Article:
In Chapter IX, Character-Cervantes relates how he discovered the rest of the legend of our brave knight in a marketplace, written in Arabic on some old papers. He tells us the papers were written by the Arab historian Cide Hamete Benengeli, and that a friend translated them into Spanish. So now, it is Benengeli who tells the story, although Character-Cervantes interjects every so often.
In 1614, someone writing under the pseudonym Avellaneda put out a second Don Quixote book that heavily criticized Cervantes and the world he’d created. While Don Quixote is certainly farcical, it is, at its core, an intelligent and hilarious commentary on the Spanish obsession with novellas caballerscas—adventure novels about knights.
The false Quixote is anything but intelligent and hilarious. Of course, it is possible, even probable, that Cervantes would have never finished part two without the Avellaneda book.
After his first (mis)adventure, Don Quixote’s niece and housekeeper lock him up in the house so he can’t wander off again. But one day Sancho comes over and informs his master that Samson Carrasco has just returned from his studies with a book entitled The Ingenious Hidalgo Don Quixote of La Mancha—and most of Spain has read it, and loved it (Chapters II and III).
“…Some swear by the adventure of the windmills that your worship took to be Briareuses and giants; others by that of the fulling mills; one cries up the description of the two armies that afterwards took the appearance of two droves of sheep; another that of the dead body
on its way to be buried at Segovia…” says Samson.
Now, there’s the story of Don Quixote within the second part of Don Quixote, which was already framed inside Benengeli’s history told by Character-Cervantes. To top it all off, in Chapter LIX, Don Quixote and Sancho encounter some characters who are reading the false Quixote. Cervantes takes the opportunity to tear the novel apart. That adds another layer to the structure, making it two stories within a story within a story.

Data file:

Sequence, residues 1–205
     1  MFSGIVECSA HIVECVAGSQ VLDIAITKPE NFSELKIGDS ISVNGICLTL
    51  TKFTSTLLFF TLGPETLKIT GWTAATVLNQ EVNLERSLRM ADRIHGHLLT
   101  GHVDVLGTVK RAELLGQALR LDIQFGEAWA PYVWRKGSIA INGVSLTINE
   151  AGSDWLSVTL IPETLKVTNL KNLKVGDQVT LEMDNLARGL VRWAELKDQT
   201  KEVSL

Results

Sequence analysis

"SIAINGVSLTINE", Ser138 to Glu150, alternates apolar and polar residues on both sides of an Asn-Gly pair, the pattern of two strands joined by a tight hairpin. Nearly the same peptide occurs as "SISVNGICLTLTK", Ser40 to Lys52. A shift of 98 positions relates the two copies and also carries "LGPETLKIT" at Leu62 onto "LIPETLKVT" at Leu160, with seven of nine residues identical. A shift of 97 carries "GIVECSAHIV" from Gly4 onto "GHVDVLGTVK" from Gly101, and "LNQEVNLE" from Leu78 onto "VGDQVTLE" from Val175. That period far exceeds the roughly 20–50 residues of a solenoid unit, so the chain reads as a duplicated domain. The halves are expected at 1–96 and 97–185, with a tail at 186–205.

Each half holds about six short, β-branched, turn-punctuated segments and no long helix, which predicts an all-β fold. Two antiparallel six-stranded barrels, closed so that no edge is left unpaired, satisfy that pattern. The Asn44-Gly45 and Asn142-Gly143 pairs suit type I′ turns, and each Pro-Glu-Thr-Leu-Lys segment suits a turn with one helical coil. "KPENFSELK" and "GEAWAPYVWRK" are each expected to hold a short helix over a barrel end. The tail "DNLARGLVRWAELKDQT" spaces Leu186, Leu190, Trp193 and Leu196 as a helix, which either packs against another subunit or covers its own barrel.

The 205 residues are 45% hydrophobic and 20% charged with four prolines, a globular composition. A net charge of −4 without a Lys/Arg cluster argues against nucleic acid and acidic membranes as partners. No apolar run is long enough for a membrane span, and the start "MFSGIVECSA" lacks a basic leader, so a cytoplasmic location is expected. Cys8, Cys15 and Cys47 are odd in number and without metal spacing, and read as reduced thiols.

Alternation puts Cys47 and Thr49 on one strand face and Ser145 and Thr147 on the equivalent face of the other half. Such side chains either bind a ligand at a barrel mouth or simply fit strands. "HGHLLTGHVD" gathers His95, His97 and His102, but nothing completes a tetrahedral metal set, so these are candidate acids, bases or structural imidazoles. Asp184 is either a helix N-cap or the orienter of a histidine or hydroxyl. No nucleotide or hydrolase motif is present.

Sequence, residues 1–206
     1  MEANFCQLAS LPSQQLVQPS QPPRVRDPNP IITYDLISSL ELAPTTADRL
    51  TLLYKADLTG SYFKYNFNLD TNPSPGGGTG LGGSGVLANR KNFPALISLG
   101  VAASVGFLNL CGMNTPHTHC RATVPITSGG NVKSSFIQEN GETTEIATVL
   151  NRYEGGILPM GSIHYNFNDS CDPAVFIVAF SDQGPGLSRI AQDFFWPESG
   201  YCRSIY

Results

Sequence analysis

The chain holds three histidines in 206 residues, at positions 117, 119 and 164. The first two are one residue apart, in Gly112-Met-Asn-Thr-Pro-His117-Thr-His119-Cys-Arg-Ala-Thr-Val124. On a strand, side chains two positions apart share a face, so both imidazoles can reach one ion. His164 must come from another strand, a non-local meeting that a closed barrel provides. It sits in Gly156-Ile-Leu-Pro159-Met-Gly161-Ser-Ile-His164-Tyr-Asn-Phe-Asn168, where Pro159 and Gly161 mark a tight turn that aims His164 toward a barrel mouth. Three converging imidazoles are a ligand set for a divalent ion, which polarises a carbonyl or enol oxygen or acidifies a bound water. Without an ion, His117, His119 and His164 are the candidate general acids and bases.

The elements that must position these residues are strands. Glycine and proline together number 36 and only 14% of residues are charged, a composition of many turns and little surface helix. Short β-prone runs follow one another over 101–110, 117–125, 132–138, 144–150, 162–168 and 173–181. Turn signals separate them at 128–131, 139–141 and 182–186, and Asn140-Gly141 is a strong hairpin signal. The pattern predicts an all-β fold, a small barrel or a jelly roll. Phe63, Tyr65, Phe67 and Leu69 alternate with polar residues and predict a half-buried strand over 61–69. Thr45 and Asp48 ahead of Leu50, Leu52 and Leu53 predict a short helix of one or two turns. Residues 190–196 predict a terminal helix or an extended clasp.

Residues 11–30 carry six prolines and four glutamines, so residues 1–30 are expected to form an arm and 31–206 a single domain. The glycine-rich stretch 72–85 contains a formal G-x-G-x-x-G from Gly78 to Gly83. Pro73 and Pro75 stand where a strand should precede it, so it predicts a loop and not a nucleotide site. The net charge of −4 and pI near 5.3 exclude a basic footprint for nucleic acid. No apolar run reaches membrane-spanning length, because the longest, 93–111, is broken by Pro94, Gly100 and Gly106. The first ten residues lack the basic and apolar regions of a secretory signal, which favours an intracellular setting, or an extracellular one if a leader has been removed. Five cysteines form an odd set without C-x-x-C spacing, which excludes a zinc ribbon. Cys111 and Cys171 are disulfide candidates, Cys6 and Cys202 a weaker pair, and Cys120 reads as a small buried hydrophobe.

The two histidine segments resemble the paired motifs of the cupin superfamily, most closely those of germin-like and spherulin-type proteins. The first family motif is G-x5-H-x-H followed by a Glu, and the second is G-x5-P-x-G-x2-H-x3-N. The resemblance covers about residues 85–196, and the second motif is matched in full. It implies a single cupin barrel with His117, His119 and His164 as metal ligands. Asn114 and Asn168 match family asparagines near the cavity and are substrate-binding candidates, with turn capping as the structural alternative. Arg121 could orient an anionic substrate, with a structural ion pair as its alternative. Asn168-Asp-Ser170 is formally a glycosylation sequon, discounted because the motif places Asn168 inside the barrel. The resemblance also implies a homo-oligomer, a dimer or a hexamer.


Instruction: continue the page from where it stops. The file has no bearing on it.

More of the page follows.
Cervantes didn’t use the stories-within-a-story-within-a-story structure for the hell of it, either. This structure (to say very little about the content itself) accomplishes several goals:
1. It creates at least three layers for Author-Cervantes to work with in commenting on and criticizing knight adventure novels, the people who read them, Spanish society and other authors who criticized Cervantes.
2. It creates a dialogue between what’s fiction and what’s real. Character-Cervantes tells us that Benengeli wrote a true history, but he also tells us that all Arabs are liars. Since Benengeli is Arab, he must be a liar, so how could he write a true story?
Samson then brings up a point about the difference between historians and storytellers: “The poet may describe or sing things, not as they were, but as they ought to have been; but the historian has to write them down, not as they ought to have been, but as they were, without adding anything to the truth or taking anything from it” (Part II, Chapter III).
There’s a poet (Cervantes) writing the book that is supposed to be the history of a knight-errant recorded by a lying Arab historian (Benengeli), which creates even more truth-fiction tension. Cervantes, as the poet, should be the liar, but instead it’s the historian. Who’s a poor reader to trust?!